Two Michigan Places Named ‘Pinchtown’ and How They Got That Name
You'd think that one place called 'Pinchtown' would be enough for Michigan, but there were two, and neither one exists anymore...well, kind of - but not really.
The Michigan ghost town of Aetna sits at the lonely intersection of W. 1 Mile Road and N. Luce Avenue on the border between Denver & Lincoln Townships in Newaygo County.
It was settled in 1860 and made official in the 1870s when a post office began operations. Aside from a post office, Aetna once had a blacksmith, creamery, feed mill, the Sours & Simon General Store, grist mill, grocer, liquor store, saw mill, schoolhouse, and shingle mill – all gone and dust in the wind. The post office opened in 1870 and shut down for good in 1904. Nothing sits at that intersection anymore, and there are a couple of houses you can see in the distance and a church if you travel a little ways east.
So why was it called 'Pinchtown'?
According to Michigan Ghost Towns of the Lower Peninsula, Mr. Simon, of the above-mentioned Sours & Simon General Store, was an honest man who did his best not to cheat his customers – or himself, in the process. One day he was weighing a pound of crackers for a customer. In order to get the desired weight, he pinched off a piece of one cracker in order to balance the scales. Evidently, someone who witnessed this thought it was either funny or overly-honest or odd, and the anecdote got around town. Soon, the locals were referring to their town as 'Pinchtown'.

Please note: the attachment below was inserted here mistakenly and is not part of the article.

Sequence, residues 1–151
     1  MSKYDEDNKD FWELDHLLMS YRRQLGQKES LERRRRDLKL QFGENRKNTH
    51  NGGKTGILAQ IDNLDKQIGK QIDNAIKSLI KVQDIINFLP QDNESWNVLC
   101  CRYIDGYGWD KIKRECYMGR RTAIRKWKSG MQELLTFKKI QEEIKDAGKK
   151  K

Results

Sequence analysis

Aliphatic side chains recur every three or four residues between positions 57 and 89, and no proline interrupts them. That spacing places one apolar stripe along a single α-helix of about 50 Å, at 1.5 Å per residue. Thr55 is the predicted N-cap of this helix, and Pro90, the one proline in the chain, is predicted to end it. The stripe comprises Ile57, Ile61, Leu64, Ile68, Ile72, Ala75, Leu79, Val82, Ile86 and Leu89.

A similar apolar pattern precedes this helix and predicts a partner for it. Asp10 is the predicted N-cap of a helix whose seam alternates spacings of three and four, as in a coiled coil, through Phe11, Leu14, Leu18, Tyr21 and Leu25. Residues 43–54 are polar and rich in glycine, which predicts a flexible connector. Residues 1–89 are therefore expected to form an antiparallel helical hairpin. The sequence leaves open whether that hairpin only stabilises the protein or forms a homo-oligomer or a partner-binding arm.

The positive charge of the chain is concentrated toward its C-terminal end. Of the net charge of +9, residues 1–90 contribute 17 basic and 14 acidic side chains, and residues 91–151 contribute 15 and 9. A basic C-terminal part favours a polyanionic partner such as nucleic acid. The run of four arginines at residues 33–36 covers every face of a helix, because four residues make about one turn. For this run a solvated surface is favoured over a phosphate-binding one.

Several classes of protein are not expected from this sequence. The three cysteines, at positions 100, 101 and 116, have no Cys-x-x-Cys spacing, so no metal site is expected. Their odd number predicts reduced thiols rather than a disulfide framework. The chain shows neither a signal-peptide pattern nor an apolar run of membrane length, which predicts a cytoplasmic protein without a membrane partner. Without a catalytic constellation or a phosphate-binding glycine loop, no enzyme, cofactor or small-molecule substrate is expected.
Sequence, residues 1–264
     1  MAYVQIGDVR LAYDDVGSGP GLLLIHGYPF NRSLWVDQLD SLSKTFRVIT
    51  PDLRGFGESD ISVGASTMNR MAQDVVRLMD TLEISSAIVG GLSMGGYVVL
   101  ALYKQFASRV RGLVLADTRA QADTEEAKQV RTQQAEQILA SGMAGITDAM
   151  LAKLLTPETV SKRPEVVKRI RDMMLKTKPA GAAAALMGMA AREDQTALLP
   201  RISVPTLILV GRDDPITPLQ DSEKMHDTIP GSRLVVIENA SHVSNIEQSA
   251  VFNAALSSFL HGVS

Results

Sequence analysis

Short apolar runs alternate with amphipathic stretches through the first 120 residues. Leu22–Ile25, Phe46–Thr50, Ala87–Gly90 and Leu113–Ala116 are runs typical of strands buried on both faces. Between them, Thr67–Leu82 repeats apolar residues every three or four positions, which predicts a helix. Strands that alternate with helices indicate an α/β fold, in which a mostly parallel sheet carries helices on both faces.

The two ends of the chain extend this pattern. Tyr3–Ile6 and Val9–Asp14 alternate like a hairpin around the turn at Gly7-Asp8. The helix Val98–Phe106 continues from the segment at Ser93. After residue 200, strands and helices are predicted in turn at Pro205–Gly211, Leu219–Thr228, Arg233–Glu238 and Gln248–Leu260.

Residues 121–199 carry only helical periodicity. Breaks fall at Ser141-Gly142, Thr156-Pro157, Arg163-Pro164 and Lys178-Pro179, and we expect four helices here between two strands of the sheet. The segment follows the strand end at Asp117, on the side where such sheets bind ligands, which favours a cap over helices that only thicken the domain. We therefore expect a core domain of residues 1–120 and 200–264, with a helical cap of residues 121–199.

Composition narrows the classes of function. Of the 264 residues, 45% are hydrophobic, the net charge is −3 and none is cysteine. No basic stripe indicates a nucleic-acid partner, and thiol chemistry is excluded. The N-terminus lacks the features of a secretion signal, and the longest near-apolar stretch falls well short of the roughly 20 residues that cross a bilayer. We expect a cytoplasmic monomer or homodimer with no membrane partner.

This little place was an area that was squeezed (“pinched”) between Muskegon and the village of Lakeside. It was bordered by a gully, Lakeshore Drive, Laketon Avenue, and Ruddiman's Creek.
This tiny area was platted by William Ruddiman in 1873. A good number of lumber mills were on this site and the little community began to grow. According to the book Pinchtown by Mildred Lois Swanson Johnson, in 1883 a local newspaper reported “What a horrible name!! However the Village of Pinchtown is growing rapidly and has sixty homes. It ought to be annexed to the city".
By 1884, the census claimed Pinchtown had a population of 607.
Finally, in 1887, Pinchtown was annexed to Muskegon, and it got swallowed up and became part of that city. The mills by Ruddiman Creek were either destroyed or accidently burned down, and were replaced by tanks and equipment from the Standard Oil Company until 1991.
Pinchtown has it's own Historical Marker that you'll find at the junction of Lakeshore Drive and Laketon Avenue.